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Google: Humbly Going Forward

As the European Commission is pondering which measures it wants to take to penalize the anticompetitive behaviours of Microsoft, a comparable business, though smaller in size, is no less aggressively starting to take a dominating position in its market.

Google started off as a two-person start-up. It developed optimal Internet searching algorithms that can index, catalogue, and parse pages with mind-numbing efficiency and capacity. As one of the few Internet success stories in recent memories, Google grew from a humble research-focus operation into a highly anticipated Wall Street milking cow. In a few years, Google emerged from obscurity into the most popular search engine for Internet users. Its search capabilities became highly respected in the industry, and much of its phenomenal growth can be attributed to partnerships with established Internet heavyweights. One of the most marketable partnerships was with Yahoo!, who had incorporated Google into its portal service, helping countless computer users get acquainted with the speed and simplicity of Google. Yahoo! has just now realized the full impact of this partnership, which had repositioned its own search services as second-rate.

Now this partnership has expired. However, Yahoo!, together MSN and other industry players involved in web searching are playing catch up to Google, with the Google-train showing no sign of slowing down. Google is implementing improvements to their systems on a regular basis, and the number of pages that Google is officially indexing is already beyond the need of regular users.

Google is fully aware of how lucrative this dominance can be. To capitalize on its ubiquity, Google is going back to a business model that many web services have long given up on: online advertisement. It works for Google because of the sheer traffic volume it processes on hourly basis. Traffic, if used correctly, linearly generates profit. By properly targeting the audience using search keywords and website content, Google provides users with ads related to what they are looking for, which translates into higher likelihood of the users clicking on them, which in turn adds money into Google’s coffers.

The true power of the Google ad service is not restricted to Google’s own website, but rather with its vast affiliate advertising network. Even though affiliate program is nothing particularly new, its reach is overwhelming. Many webmasters have signed up for Google’s program because of its simplicity and high royalty payout. Instead of classifying participating websites into broad categories and serving general purpose ads, Google is able to harness its Internet crawling capabilities by indexing every single web page that displays Google ads, and feed them ads that are only relevant to their content. By giving webmasters ads that their viewers are more likely to find useful, this increases the incentive for more webmasters to jump on the Google affiliate wagon. Such grand scheme is paying off generously, and some of the most respected websites on the Internet such as Economist.com and Webster.com are complementing their own systems with Google banners.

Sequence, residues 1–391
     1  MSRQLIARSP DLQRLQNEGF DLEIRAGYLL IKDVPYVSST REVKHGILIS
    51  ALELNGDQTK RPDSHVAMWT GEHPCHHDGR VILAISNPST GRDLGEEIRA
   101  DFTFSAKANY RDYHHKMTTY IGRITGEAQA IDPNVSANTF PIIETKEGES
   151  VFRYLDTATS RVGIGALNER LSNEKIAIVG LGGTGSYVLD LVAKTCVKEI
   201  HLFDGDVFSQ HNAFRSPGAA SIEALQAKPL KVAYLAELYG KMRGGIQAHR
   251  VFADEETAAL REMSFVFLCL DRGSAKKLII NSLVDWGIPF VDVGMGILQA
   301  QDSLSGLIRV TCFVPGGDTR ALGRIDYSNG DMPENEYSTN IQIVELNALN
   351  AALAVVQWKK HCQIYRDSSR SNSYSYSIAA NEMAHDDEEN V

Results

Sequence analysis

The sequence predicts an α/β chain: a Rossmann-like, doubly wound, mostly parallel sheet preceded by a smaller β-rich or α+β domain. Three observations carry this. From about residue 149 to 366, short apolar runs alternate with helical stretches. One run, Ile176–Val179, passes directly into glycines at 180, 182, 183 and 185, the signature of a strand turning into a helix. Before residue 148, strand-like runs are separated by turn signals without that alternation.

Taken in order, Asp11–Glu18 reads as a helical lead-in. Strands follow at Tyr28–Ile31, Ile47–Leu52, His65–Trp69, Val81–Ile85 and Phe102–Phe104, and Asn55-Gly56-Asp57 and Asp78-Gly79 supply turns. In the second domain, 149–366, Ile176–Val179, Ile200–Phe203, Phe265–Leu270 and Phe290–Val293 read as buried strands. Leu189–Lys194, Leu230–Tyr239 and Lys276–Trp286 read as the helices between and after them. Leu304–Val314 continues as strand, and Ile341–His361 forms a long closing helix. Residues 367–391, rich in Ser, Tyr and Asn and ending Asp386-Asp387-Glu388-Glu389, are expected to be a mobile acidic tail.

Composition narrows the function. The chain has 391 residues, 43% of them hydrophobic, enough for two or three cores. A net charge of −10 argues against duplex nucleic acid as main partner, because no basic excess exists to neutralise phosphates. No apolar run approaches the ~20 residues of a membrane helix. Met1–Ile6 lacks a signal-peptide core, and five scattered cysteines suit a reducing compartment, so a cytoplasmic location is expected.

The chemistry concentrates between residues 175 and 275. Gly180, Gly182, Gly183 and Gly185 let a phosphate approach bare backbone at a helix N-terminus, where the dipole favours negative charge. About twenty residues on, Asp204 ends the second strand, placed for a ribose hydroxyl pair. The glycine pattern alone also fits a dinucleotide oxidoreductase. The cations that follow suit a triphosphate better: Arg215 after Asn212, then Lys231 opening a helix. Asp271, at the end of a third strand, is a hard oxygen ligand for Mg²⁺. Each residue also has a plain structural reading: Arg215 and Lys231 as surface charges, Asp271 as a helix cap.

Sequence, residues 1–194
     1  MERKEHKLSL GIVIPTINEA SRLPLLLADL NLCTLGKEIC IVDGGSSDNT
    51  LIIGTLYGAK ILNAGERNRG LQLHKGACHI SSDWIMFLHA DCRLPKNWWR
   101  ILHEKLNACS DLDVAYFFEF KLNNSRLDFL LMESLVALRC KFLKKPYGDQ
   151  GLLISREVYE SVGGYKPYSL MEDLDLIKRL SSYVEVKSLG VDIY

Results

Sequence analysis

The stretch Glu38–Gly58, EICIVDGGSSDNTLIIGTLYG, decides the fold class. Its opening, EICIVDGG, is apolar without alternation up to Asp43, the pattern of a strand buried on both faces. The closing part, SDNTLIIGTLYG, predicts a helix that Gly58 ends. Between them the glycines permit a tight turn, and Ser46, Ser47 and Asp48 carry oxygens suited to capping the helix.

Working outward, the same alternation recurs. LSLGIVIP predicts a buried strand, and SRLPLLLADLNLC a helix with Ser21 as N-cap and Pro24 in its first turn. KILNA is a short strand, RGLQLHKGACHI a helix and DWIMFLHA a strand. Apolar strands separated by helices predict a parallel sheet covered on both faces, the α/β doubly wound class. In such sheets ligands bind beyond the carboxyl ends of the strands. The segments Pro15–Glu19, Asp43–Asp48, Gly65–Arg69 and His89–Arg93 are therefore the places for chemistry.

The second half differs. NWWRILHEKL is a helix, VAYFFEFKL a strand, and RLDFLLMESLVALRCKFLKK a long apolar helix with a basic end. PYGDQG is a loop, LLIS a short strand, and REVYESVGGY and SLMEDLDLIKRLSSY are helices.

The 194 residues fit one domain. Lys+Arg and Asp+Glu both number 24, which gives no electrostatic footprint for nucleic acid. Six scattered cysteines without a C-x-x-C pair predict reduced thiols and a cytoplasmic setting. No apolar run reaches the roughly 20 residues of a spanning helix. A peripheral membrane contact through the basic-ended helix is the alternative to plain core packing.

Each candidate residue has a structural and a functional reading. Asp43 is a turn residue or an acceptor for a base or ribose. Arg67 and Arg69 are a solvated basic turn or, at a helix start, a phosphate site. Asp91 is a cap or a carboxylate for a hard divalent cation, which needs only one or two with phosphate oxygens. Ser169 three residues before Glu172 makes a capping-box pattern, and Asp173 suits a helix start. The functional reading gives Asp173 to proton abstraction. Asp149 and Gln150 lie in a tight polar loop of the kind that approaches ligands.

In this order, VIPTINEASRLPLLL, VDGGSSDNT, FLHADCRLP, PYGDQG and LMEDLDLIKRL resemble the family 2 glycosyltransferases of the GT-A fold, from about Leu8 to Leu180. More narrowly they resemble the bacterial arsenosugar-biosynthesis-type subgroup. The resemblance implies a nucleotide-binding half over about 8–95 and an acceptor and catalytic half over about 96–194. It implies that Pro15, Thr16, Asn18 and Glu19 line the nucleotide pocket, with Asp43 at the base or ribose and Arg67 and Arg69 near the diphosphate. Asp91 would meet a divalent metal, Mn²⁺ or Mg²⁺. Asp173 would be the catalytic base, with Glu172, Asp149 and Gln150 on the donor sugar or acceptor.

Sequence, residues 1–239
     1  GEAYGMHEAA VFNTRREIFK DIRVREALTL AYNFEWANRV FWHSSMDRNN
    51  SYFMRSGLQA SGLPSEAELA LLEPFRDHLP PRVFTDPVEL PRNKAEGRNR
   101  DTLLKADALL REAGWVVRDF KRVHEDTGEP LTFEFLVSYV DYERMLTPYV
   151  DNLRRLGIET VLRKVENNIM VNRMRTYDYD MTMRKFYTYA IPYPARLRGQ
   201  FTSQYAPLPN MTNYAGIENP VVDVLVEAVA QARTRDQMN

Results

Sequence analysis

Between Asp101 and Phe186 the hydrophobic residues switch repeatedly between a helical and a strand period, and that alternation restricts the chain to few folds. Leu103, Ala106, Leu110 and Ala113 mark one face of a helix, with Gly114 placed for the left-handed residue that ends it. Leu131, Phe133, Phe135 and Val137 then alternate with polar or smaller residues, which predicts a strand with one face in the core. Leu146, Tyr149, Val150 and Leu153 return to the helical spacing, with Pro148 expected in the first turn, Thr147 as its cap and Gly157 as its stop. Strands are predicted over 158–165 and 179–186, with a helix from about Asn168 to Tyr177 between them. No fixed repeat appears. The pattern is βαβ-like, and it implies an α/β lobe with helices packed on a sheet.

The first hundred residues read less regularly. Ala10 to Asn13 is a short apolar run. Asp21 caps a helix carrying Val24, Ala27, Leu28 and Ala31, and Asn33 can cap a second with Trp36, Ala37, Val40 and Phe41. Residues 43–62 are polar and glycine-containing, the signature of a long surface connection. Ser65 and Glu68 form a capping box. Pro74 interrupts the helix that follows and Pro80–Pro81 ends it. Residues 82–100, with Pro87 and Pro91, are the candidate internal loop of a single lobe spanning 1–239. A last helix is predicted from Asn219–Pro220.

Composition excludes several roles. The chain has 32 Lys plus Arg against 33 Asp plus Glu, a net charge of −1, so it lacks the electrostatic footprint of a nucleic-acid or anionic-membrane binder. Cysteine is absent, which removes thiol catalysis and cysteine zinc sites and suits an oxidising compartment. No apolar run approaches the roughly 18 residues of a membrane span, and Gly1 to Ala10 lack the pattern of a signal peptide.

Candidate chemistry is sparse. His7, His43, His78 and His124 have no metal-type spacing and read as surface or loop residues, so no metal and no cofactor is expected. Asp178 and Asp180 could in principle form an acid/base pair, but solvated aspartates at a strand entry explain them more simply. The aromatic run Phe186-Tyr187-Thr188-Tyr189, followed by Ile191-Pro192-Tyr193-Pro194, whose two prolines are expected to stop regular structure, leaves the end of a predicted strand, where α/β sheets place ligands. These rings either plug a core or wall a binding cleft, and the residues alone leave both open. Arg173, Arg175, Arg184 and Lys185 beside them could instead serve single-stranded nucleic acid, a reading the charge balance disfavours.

For now, Google still projects an image of coolness among seasoned and new Internet users. There are few critics of Google, with most voices in the industry sounding excited about Google’s stellar rise. But that does not mean there are no naysayers. Already, Google-critical websites, such as Google Watch, are popping up over the Internet. Some predict, with a certain degree of cynicism, Google’s imminent demise, while others base their arguments on speculations over Google’s technical limitations. Such alarms, false or justified, keep webmasters on their toes as they increasingly rely on the revenues generated by Google ads.

Granted, there will always be people who irrationally hold grudges against certain products or services. However, this also points out that the squeaky clean image Google once had as a geeky underdog fighting a war for the little guys is in danger of being corrupted. In its stead is the perception of a giant of a company that is amassing all the data that are indiscriminately entered by millions of users every day and creating a large customer behaviour database. Not that this is something that is being done, but people distrust large corporations, and Google is becoming one with a lot of power over the way people find things and conduct their daily business. For many businesses, a better ranking on Google search means rapid pouring in of business, whereas an inferior ranking could obscure the company for good. At least online.

There is also the fear and the danger of relying overly much on one company as the provider of information. Things that show on Google will have a disproportionate importance than those that do not. A minor unintentional side effect of an algorithm could easily block or promote information of a certain nature. This becomes an escalating problem as Google imminently goes public and starts to serve the interest of shareholders instead of web users.

All speculations aside, Google still needs to be careful with its overzealous expansion. There is healthy competitive pressure in the search engine industry that should keep Google in check. At the same time, Google needs to be careful not to be tempted into using its leverage for questionable uses. Trust and respect from customers are two of the most valuable attributes a company can earn. Google has them now. It would be a shame to let those slip away.


March 7, 2004

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